Barbell Back Squat
“Screw your feet into the floor.” Here is another quote from Greg Nuckols, from his article called, “How to Squat: The Definitive Guide”, which he advises using as you are dropping down in the squat. Make sure to screw your feet away from your body, not towards. This is also taught by Kelly Starrett in his wildly popular book, Becoming a Supple Leopard (p. 64-65). This cue works to help stabilize and create tension in your hips. It also prevents your knees from falling inward (or ‘valgus knees’) as you squat.
Greg Nuckols states to focus on “ripping the floor in half,” at least until the bar is above your knees in his article "How to Deadlift: the Definitive Guide." This is a similar cue to the squat but an important one. Kelly Starrett also emphasizes this in Becoming a Supple Leopard, stating, “screw your feet into the ground and hands into the bar [away from your body] (p. 198-199).”
Another common cue worth mentioning that could be applied to all of these lifts is to tense up your core during your set up. These are emphasized by all three experts mentioned in this post.
I decided to post on this topic because it seems to be a popular question among the fitness community. I've seen it asked multiple times in Facebook Groups I am in and it is a common topic in books and podcasts as well. If you have worked with a personal trainer before, you likely know all of these cues already but if you are a beginner, these cues should help you as they did me. If you plan on starting to train with a barbell on your own, I highly advise educating yourself beforehand or getting yourself a personal trainer until you are comfortable with each lift. All of the articles and books referenced in this post are great resources for this purpose. If you would like a suggestion on which resource is best for you, you can either comment below or email me at email@example.com and I would be happy to make a suggestion based on your experience and your goals.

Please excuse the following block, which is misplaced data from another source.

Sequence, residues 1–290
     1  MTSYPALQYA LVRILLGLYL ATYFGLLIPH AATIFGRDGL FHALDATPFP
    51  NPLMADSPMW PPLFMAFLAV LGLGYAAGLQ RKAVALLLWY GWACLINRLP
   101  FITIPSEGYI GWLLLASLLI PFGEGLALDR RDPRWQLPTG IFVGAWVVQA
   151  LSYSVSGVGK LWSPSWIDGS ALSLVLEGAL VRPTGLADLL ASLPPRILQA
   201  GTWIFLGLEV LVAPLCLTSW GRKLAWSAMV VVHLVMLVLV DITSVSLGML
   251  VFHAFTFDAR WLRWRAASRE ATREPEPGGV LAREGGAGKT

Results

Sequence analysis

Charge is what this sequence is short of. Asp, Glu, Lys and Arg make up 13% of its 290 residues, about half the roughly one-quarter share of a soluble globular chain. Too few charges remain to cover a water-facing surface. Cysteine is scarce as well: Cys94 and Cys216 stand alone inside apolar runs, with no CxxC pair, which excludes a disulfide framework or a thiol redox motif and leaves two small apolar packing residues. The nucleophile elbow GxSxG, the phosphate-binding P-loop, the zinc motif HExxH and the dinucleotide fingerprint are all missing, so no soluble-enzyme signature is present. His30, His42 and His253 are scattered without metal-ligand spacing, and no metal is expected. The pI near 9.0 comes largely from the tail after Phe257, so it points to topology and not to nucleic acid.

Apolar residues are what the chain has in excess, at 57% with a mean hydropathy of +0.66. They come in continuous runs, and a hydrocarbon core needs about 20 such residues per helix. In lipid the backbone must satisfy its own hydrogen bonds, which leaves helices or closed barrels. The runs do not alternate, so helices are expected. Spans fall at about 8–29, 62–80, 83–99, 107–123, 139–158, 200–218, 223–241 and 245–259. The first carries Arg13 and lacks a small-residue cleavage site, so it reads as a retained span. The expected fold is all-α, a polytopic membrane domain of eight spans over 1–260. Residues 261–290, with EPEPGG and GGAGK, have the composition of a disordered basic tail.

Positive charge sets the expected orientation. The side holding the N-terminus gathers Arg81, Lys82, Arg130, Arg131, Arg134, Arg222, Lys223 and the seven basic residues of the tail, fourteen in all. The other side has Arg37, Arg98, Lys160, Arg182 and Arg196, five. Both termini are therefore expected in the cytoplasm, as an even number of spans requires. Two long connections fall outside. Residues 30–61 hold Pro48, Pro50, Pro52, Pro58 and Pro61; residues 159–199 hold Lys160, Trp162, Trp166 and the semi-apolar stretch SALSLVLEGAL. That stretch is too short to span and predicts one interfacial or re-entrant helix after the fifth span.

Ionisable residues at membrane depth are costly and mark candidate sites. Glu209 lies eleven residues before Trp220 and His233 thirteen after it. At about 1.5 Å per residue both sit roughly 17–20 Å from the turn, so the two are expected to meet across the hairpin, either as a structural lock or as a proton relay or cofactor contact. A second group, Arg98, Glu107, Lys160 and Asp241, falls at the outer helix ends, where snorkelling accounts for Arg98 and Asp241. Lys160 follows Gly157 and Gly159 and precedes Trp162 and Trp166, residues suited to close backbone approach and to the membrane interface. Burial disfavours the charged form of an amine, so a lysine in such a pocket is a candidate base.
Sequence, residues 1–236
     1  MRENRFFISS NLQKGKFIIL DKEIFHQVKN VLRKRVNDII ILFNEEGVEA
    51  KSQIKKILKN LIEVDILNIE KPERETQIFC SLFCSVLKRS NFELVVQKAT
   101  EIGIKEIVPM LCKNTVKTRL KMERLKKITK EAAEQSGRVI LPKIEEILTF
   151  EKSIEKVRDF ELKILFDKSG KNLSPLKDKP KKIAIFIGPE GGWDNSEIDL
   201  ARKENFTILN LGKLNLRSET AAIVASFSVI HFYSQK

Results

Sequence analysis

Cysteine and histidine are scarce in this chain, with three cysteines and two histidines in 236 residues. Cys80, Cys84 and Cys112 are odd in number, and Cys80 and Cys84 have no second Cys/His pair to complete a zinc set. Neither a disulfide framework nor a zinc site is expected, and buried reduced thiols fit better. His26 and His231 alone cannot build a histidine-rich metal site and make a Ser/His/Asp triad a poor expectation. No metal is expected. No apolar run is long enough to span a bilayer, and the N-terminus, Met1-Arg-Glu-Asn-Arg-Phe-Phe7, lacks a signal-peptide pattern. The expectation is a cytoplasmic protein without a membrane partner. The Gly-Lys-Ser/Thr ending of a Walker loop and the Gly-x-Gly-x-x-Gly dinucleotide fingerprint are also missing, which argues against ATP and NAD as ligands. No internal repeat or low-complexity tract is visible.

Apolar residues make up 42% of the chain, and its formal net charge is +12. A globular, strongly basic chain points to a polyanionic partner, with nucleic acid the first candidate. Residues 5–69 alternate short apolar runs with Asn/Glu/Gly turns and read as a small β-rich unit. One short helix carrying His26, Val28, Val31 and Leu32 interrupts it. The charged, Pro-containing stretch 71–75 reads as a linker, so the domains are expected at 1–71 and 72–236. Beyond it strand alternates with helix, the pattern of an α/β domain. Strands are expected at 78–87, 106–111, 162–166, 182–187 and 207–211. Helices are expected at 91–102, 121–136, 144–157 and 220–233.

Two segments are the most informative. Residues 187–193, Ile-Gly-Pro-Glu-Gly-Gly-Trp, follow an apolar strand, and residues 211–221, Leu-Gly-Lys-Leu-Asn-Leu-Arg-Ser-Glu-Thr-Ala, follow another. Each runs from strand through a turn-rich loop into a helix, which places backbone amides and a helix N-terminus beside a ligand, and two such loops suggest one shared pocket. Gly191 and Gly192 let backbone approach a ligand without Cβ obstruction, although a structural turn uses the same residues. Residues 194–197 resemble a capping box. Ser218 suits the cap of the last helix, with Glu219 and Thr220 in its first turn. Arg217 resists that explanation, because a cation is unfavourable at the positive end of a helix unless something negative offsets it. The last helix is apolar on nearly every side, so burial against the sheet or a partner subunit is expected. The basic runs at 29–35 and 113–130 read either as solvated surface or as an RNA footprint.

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Media (Books, Podcasts, etc.)
If you start wondering, "wait this is health/fitness blog, why are we learning about motivation," know that you're wrong. This is a blog to assist you on your self-improvement journey. A large focus on what I currently research is health and fitness related but this presentation made such a large impact on me that I felt it was important to share with you.